Chicago, IL (PRWEB) May 14, 2006
The personal injury lawyers who sponsor the Total Injury website at http://www.TotalInjury.com have long known that insurance companies have only one motive—to protect their own profits. This experience isn’t unique to the attorneys who work with Total Injury. A book by attorney David Berardinelli, due out this summer, demonstrates just how widespread, and how calculated, the problem is. In From Good Hands to Boxing Gloves, Berardinelli exposes the results of—and the motivation behind—Allstate’s radical redesign of its claim processing procedures in 1995.
Interestingly, one of the key points in the Allstate plan, which is still in effect today, was to actively discourage claimants from retaining personal injury attorneys. That’s a sure sign that insurance companies are well aware that they’ll end up paying more in claims if victims have attorneys than if those claimants go it alone.
When a claimant doesn’t have an attorney and doesn’t know the law, the insurance company has much more power to provide inaccurate or incomplete information and to control the terms of the settlement. That’s why the resources at http://www.TotalInjury.com are designed to educate personal injury victims, and to help them get advice from experience personal injury attorneys.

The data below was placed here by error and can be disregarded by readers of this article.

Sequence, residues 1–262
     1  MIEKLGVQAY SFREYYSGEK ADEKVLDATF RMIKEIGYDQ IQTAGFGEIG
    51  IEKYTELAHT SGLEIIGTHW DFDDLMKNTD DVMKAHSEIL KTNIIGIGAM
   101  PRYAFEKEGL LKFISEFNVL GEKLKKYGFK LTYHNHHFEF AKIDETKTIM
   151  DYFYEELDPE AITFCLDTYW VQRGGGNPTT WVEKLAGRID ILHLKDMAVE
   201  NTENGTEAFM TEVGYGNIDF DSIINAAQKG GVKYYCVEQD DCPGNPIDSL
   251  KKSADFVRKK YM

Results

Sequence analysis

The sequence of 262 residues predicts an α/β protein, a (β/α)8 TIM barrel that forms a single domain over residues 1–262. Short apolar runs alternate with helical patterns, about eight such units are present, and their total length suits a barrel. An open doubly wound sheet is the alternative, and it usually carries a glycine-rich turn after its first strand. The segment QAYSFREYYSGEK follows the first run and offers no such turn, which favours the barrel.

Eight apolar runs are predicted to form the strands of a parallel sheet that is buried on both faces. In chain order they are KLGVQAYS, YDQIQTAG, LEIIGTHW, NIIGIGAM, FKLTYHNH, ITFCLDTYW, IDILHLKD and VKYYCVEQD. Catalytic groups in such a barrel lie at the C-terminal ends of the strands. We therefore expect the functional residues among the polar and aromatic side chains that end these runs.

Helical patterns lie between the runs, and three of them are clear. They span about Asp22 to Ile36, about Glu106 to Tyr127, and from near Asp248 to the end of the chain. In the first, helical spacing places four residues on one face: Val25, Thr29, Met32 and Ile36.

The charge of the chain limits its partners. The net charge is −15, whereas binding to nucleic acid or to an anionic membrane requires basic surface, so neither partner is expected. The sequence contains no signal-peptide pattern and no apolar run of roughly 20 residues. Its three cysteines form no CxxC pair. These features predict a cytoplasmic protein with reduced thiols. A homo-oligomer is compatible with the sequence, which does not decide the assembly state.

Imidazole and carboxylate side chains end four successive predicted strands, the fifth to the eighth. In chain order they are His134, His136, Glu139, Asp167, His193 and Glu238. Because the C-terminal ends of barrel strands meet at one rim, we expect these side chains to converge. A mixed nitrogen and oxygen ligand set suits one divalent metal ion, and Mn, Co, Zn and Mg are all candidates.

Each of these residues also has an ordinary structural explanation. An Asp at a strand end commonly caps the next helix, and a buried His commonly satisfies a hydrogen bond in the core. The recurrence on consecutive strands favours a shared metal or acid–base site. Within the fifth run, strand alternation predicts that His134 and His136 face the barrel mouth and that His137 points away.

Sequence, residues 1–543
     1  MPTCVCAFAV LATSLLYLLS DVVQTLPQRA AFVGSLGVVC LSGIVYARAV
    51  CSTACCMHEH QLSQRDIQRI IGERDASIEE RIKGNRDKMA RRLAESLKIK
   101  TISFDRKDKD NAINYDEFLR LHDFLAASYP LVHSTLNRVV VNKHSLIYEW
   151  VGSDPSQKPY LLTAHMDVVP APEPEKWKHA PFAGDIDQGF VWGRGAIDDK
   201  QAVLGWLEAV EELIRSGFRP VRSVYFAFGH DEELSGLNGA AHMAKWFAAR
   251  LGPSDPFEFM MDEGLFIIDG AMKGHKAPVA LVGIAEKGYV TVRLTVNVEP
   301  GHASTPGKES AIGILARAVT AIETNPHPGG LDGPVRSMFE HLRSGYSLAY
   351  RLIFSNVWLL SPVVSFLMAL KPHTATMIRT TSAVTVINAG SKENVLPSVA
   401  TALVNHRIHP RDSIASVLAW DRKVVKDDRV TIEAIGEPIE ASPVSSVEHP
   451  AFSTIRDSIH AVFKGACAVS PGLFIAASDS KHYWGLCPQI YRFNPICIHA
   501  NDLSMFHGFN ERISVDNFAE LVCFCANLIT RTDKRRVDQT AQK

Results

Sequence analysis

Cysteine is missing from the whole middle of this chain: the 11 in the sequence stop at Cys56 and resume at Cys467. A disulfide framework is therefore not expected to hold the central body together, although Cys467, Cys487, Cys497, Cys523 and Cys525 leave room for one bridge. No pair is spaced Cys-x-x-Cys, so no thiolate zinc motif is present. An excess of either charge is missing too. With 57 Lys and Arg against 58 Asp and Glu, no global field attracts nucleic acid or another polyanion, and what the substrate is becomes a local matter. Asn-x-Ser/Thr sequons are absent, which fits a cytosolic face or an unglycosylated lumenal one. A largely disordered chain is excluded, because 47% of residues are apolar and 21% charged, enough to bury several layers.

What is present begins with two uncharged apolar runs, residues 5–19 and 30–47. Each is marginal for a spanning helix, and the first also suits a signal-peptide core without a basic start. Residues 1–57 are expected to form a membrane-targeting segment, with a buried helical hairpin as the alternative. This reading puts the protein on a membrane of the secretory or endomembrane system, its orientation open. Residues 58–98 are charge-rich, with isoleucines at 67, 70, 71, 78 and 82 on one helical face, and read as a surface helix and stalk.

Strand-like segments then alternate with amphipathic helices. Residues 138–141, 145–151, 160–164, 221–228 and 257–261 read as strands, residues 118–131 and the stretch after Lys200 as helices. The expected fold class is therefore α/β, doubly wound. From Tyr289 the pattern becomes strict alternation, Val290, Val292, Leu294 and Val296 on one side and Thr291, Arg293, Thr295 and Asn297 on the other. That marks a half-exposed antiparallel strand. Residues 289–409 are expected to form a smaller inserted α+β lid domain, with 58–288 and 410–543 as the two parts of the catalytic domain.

Total Injury provides specific tips on dealing with insurance companies at http://www.TotalInjury.com/insurance_companies.asp. The best piece of advice on that issue, though, is “let an attorney do it for you!” The information that Bernardinelli obtained, under court order, from Allstate shows a pervasive system of reducing payments to claimants as part of a successful effort to decrease the percentage of premium dollars paid back out in claims.
According to Bernadinelli, the new system met with initial resistance from experienced claims adjusters, and so a new “performance measure” was adopted that forced claims adjusters to see policyholders who resisted early, low-ball settlements as obstacles to achieving good job performance evaluations. Even more disturbingly, McKinsey & Co., the consulting firm that designed this program for Allstate and presented it to company executives with slides including one encouraging “boxing gloves” treatment for claimants who didn’t follow the program, is believed to have provided similar consulting services for other major insurance carriers, including Farmers Insurance Group, USAA, State Farm, and Fireman’s Fund